David Cameron has said he will introduce a tax break for people in civil partnerships if the Conservative Party win the general election. But the policy will only benefit gay couples where one partner earns less than £6,600 per year.

The measure, which would save four million married couples and civil partners £150 per year would cost the country £550m.

The policy would apply to basic rate tax payers who earn under £44,000 where one person does not use their full tax-free income allowance.

One member of an eligible couple will be able to transfer £750 of their tax free personal allowance to their partner in order to reduce their partner’s income tax bill. This will be limited to basic rate taxpayers and is therefore worth up to £150 a year per couple at the 20% rate of tax.

In January, David Cameron said: “We will recognise marriage, whether between a man and a woman, a woman and a woman or a man and a man, in the tax system – and yes, that is a commitment.”

The Conservative party have today been keen to point out that the measure benefits gay couples in a civil partnership as well as straight married couples. Shadow chancellor George Osborne told The Times: “It’s not just for married people, it’s also for gay people who are in a civil partnership.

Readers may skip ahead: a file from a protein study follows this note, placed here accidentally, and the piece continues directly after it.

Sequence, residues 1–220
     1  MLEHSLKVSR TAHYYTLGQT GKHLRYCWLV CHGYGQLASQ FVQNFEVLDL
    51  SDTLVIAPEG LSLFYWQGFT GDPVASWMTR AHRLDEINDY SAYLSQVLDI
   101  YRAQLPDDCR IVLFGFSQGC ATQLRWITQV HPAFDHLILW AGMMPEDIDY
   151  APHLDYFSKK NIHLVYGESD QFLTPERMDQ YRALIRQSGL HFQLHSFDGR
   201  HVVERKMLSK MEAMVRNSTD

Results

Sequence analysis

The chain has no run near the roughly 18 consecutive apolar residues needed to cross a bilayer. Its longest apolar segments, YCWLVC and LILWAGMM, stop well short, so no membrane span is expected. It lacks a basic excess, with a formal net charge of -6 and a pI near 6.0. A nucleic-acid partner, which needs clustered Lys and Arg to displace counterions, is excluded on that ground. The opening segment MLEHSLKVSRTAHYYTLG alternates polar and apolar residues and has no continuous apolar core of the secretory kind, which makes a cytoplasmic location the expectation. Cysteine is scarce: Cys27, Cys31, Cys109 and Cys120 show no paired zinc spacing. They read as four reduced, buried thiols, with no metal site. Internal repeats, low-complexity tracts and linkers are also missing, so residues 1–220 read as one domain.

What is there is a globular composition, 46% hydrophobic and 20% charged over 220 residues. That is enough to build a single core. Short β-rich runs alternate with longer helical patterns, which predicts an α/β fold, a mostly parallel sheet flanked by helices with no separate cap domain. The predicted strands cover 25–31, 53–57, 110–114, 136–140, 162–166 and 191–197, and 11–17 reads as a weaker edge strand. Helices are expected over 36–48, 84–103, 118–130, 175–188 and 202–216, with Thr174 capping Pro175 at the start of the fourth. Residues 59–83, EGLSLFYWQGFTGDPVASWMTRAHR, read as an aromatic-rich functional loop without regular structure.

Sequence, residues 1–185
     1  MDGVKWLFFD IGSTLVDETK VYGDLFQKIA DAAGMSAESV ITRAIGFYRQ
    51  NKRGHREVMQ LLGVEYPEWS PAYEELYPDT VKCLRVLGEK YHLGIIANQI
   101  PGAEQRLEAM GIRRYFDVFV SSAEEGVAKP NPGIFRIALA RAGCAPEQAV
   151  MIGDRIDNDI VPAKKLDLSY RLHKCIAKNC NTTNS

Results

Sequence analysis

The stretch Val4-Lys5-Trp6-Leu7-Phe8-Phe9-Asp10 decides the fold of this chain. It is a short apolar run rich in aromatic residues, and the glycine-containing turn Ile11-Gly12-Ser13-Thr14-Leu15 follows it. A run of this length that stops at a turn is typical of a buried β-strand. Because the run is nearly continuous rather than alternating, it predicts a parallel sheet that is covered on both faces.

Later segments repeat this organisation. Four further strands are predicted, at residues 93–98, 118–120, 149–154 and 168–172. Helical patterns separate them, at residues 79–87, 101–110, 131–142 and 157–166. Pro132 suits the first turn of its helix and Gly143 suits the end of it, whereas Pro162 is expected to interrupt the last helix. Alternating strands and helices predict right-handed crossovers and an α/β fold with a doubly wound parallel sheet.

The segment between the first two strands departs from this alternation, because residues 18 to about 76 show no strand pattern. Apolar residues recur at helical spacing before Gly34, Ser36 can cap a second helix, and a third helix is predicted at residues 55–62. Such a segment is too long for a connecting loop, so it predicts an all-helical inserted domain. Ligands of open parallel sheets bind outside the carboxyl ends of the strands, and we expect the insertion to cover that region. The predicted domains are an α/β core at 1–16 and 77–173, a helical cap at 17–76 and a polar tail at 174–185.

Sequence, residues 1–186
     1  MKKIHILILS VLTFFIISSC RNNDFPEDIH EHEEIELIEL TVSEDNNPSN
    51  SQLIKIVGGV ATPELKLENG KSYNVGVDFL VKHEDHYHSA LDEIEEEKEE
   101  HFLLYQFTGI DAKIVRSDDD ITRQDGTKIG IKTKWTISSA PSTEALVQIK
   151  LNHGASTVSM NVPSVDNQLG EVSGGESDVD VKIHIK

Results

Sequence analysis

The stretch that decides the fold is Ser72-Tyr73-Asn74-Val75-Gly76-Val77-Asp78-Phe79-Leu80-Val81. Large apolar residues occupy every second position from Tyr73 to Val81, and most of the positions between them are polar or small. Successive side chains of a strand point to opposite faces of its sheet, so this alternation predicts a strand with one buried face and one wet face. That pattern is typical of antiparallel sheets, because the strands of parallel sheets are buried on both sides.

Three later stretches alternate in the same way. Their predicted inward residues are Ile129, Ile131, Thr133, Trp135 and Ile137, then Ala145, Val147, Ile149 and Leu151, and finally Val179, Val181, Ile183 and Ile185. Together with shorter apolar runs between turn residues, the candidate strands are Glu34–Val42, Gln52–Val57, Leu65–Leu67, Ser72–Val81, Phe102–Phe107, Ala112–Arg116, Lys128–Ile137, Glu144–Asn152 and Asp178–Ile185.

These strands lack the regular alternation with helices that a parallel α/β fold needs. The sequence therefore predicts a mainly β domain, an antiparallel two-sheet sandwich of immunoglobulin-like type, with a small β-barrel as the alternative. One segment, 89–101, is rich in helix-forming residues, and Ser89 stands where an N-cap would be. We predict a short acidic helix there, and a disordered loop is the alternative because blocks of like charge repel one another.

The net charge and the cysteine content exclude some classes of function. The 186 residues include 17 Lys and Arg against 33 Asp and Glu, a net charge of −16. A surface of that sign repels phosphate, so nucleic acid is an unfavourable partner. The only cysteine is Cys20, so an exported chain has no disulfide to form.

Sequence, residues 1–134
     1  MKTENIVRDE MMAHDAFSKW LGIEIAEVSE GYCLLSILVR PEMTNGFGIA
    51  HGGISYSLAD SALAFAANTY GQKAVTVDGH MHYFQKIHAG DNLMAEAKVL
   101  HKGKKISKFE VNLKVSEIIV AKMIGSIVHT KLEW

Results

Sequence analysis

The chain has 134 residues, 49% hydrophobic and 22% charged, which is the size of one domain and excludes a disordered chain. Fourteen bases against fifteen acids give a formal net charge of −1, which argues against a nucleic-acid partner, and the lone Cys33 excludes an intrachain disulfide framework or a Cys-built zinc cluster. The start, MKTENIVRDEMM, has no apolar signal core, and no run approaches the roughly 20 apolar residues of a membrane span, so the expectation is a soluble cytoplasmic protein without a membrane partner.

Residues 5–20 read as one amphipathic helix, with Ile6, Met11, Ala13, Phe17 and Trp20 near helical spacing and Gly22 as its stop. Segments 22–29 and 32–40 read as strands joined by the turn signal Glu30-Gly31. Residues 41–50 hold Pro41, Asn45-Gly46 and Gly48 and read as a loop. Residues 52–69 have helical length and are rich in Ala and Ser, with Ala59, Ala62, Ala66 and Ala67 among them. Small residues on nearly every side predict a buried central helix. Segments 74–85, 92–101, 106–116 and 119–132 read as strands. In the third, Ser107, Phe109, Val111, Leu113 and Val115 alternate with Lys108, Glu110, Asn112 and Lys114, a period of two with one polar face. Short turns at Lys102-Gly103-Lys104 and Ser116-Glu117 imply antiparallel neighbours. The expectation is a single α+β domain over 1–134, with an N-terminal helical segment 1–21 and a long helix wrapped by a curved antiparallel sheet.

“I don’t preach about people’s lives, and many marriages fail, but I think we know now from years of evidence that a society where more people are married is a stronger society.”

However, it is actually a legal requirement that any tax measure that applies to married couples applies equally to gay couples as part of the Civil Partnership Act.

In reality, the measure may not be of as much benefit to gay couples, as traditionally both parties in a civil partnership tend to work full time, and therefore would have used up their full tax-free income allowance. This is partly because the number of lesbian and gay couples bringing up children is lower than in the straight community.

However, as more and more lesbian and gay couples adopt or have children through IVF or surrogacy, the impact of the Conservative party proposal will be greater.

Until 1999, a similar measure was abolished by the Labour Government but was worth £47 a year more than the Conservative proposal.

For Labour, Schools Secretary Ed Balls told the BBC: “It’s gesture politics which is deeply, deeply unfair. It’s targeted at some lower income families but only a lower income family where you can afford to have one parent who stays at home full-time.” Charity Ginger Bread, said that 40% of those in poverty were single parents who wouldn’t benefit from this measure.

Liberal Democrat Treasury spokesman Vince Cable said: “It does absolutely nothing to provide an incentive to marriage and it sends all the wrong signals to very large numbers of other people who are excluded from it.”